juan carlos ferrero

juan carlos ferrero

Anti Gay Marriage Protest Roland Garros French Open Final Nadal vs Ferrer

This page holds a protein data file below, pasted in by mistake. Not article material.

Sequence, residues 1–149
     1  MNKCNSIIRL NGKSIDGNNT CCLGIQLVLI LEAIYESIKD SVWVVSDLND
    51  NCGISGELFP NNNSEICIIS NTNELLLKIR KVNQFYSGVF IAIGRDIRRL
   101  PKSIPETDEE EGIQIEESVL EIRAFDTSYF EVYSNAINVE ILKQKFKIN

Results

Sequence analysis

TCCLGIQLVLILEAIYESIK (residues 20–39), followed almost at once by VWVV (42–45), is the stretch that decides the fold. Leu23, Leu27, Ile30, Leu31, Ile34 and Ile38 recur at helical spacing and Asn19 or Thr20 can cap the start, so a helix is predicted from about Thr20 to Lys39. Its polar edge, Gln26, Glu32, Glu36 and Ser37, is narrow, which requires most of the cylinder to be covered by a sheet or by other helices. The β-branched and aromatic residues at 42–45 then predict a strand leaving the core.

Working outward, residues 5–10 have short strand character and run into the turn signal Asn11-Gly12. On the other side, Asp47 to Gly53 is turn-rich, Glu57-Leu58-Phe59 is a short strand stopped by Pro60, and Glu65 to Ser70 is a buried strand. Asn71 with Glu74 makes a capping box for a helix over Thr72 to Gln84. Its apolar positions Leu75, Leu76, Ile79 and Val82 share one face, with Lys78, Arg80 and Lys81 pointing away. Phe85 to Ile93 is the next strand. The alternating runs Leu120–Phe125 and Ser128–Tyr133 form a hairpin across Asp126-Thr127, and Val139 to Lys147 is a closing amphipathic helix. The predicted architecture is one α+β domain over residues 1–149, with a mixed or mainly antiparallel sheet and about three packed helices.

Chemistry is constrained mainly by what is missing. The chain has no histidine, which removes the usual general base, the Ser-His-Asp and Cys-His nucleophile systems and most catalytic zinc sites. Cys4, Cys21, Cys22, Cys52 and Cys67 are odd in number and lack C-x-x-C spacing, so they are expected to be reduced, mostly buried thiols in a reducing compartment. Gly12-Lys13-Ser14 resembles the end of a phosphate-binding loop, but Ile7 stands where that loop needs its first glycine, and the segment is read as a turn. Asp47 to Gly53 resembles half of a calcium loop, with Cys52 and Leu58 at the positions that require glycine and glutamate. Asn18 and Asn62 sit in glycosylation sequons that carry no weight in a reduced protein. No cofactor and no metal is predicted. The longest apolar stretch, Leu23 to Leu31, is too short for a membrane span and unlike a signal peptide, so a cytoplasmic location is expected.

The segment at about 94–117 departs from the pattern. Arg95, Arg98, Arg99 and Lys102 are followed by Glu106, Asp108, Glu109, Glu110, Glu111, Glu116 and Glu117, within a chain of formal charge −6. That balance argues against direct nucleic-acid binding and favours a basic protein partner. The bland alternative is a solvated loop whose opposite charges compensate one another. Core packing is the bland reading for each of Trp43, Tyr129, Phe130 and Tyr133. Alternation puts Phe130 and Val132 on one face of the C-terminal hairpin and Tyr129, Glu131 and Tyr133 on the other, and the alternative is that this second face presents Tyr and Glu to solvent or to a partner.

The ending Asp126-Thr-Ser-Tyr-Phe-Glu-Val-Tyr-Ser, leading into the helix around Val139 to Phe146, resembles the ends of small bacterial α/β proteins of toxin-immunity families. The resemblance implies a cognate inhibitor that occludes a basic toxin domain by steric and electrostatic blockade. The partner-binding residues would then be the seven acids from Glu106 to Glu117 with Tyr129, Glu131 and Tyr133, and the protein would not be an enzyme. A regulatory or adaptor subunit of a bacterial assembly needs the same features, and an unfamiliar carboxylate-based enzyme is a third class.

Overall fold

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A little more than a decade ago, two Spaniards were competing in the French Open final for the third time. What was different this time was that unlike the previous two occasions, this final symbolized the pinnacle of Spanish dominance of proceedings in Roland Garros. Albert Costa and Juan Carlos Ferrero had been joined in the semi-finals by Alex Corretja. It was clear to everyone that Spanish hegemony over the centre court in Paris was something tennis aficionados would've to get accustomed to. Fast forward a decade and its plainly obvious that the match between Juan Carlos Ferrero and Alberto Coasta was not the pinnacle, in fact, it was merely the prelude to something far bigger. One thing that is absolutely certain is that the last decade has indeed been one of Spanish domination on the red clay of Paris but that domination has been brought about by one hegemon: Rafael Nadal. In this year's final, Nadal will be part of a fourth all Spanish affair in the open era. Standing in his way is compatriot and good friend, David Ferrer. If Ferrer wins, it will be break his duck in the majors and add some deserving shine on what has been a brilliant yet understated career. Nadal on the other hand knows all about winning at Roland Garros and should that happen, the Manacor will be lonely at the peak as the only tennis player in the history of the game to have won eight French Opens. David Ferrer's run at this year's French Open has been astonishing. The pint sized Spaniard who is often compared to a pit-bull, has breezed through to his first Grand Slam final without losing a single set. In fact, in all his matches he has never really looked like losing a set. His domination of all his rivals has been so complete that some would fear that he has come into the final relatively untested. Despite the pit-bull references, the one thing that has been most evident about Ferrer's game, especially in this year's French Open, has been how aggressive the Valanecian has been. The fourth seed is often criticized of choking on the big occasion -- mostly against the big four of men's tennis- simply because he plays reactive tennis instead of taking the initiative. In this year's French Open, Ferrer has left absolutely no room for such criticism. Against all his opponents -- none of them in the top four of the game prior to Nadal -- have been beaten instead of them losing. Ferrer has camped closer to the base line and tried to dictate traffic as often as possible. Another aspect of Ferrer's game -- especially evident against Jo Wilfried Tsonga in the semi-final -- is his return game. Against Tsonga, I lost count to the number of time that Ferrer sent a 200km/hr serve back with interest. As the match progressed, the look on Tsonga's face after a lot of huge serves was one of disbelief, completely bamboozled by the speed and depth with which some of these returns were coming back. Against Nadal, Ferrer's return game will have to be spot on. Ferrer has to make sure that he capitalizes if Rafa is unable to get a high percentage of first serves in. This factor could be crucial in deciding the kind of start Ferrer get offs to. More than the champion, it's easy to see that it is essential for the challenger to get off to a quick start and create some sort of doubt in Nadal's head. Another point to be noted is that a lot of Djokovic's success in the semi-final and in his win over Nadal in Monte Carlo hinged around forcing Rafa to play a backhand after his serve. Ferrer will have plenty of tapes to go over, a lot of them recent -- the pair met in both the ATP 1000 Masters events in Rome and Madrid. Ferrer will surely try and emulate his performance for a set and a half from Madrid and his second set from Rome. In both sets Ferrer's aggressive ground strokes and excellent returns asked Nadal all sorts of uncomfortable questions. french open 2013,ronald garros 2013,rafael nadal,david ferrer,rafael nadal vs david ferrer,nadal vs ferrer,french open final 2...